Laura June | Now My Heart is Full | July 2018 | 12 minutes (3,056 words)

It’s incredibly weird to write a book about your child and not write about your marriage, when you’re definitely married. My daughter Zelda definitely has a dad, his name is Josh, and he’s my husband. He is absolutely not thirty-three Chihuahuas stacked in a trench coat. I assure you he is 100 percent real.

But I committed quite early, in the days of writing essays for public consumption about my life with my daughter, to not really saying anything about my marriage, simply because Josh, as a somewhat public person in his life as an editor and writer himself, never “signed up” for my project. He could have chosen to write about his experiences of fatherhood, but he didn’t. I’m sure his version would be much different than mine.

And there was something too dear and near to me in the thought of writing honestly about my relationship.

But also: I don’t remember that much of him in the first year. I have to try really hard to pull up memories of him sometimes, as if there was a finite amount of space inside me then for storing things.

I know this is more my failing than his absence. It was motherhood-induced myopia, where all I could or would see was myself and my daughter and the various threads that tied us back and forth to each other. It was selfishness personified, a biological reaction. Taking care of a child is so hard, so time consuming: it made sense that our emotions and needs would consume me and that in turn, three years later I would have a blank space for a lot of where Josh should be.

But also: I did spend much of my time with Zelda alone. The weekends were family time, and they were necessarily less stressful, simply because there were two sets of hands, two people to manage the packing up and the setting off. We were happy some days and miserable others. But most of the time he wasn’t physically around. He was just getting mean, panicked, desperate, or even angry texts from me. It’s not that he didn’t suffer the emotional drain that comes with first-time parenthood, but he did experience a lot of it only secondhand.

And even though I did decide to leave him out of my writing largely, I feel I need to say something. I owe it to myself to be honest about how awful that first part of it really was.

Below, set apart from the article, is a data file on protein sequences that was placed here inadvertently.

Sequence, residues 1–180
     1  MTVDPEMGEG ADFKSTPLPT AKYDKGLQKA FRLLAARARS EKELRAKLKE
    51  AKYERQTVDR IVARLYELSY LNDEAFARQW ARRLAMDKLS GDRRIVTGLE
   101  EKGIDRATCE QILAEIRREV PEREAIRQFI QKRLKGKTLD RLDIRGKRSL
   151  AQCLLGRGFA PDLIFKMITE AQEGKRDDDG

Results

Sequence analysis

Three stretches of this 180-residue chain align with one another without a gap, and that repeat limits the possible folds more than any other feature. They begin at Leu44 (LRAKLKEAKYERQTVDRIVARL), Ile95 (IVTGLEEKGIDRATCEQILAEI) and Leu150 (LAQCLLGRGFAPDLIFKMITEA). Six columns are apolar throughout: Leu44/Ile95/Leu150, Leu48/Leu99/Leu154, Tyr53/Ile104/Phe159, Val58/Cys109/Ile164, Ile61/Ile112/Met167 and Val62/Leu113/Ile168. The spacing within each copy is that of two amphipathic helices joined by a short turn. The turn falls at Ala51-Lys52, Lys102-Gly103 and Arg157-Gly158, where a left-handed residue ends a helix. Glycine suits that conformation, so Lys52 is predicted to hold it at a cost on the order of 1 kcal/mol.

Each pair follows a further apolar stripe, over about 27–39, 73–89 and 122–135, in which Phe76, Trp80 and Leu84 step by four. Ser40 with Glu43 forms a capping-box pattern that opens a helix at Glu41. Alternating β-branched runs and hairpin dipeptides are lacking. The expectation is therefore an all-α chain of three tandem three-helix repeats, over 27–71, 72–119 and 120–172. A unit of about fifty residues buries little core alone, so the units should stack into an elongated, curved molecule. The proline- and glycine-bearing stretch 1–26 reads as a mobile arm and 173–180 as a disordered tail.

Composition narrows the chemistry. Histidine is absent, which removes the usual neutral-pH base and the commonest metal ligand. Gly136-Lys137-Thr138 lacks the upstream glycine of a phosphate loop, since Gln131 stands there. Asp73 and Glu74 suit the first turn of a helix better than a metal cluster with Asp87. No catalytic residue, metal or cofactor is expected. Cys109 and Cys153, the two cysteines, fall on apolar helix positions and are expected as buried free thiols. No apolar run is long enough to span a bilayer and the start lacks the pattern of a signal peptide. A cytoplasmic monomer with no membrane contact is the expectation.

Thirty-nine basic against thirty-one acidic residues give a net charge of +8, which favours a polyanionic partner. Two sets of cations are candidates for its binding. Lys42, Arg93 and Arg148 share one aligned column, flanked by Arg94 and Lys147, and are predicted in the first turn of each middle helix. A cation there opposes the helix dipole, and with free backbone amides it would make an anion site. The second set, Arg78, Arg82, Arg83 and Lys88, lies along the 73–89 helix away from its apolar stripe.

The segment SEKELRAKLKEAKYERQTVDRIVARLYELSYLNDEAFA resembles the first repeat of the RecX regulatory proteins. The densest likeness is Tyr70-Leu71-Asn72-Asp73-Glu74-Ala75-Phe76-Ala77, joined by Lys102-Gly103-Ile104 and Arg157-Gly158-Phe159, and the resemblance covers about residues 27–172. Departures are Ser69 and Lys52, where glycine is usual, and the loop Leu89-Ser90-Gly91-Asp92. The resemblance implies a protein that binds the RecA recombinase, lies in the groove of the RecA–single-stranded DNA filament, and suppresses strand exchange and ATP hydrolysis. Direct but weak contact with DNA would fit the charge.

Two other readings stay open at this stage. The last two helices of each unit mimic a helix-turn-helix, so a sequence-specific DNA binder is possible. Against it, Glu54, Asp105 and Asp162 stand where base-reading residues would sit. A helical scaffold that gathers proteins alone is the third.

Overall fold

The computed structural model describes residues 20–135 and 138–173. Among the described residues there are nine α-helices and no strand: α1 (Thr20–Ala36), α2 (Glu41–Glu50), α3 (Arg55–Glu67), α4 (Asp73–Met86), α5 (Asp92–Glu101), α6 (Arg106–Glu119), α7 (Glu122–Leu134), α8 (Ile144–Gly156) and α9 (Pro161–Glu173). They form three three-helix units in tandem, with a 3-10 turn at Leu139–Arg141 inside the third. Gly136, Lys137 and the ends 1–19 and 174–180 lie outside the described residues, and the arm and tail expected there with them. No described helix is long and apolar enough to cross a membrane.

Everyone who has ever had a child will say things like “The first year is the worst,” or, “Good-bye to having sex,” really encouraging remarks that make you feel at once superior to them but also very bad for everyone. Sad, because it’s almost always, from other mothers I’ve talked to, true: that blank memory space for me, is partly blank because I expected the relationship I had with Josh to be on hold while I kept the baby alive. I struggled, sometimes alone but often with him by my side, to keep the fucking baby alive. To seem happy around her even if I felt as though I were drowning in the monotony or from exhaustion or the repetition of each identical day. I struggled to teach her to sleep and to make sure she was clean and healthy and happy.

But I soon realized we were succeeding. Our baby was magical and fun and cute and happy. She flourished as we treaded water beside her, hoping that once the struggles passed that we would still have a relationship with each other. That our love would tide us over in the dark times.

Which isn’t to say we didn’t have sex or intimacy or that we didn’t spend evenings together watching TV and eating bad takeout food. We did those things. But there were necessary changes, and it wasn’t hours we lost. We’d both always worked a lot, and Josh had always traveled on business several weeks a year, so we were used to spending a lot of time apart and on our own. It was, mostly on my end, an emotional loss of space for him. I stopped worrying about him in the same way; I stopped caring so much and empathizing with him.

I don’t believe the amount of caring we can produce is finite. But I do know, from the experience of having a child, that the first year of my daughter’s life meant that there was for a while a finite number of places I could spend my love and empathy. I simply had to focus on keeping us alive. And “us” usually meant the two of us. I had to hope that everyone else could wait for a while.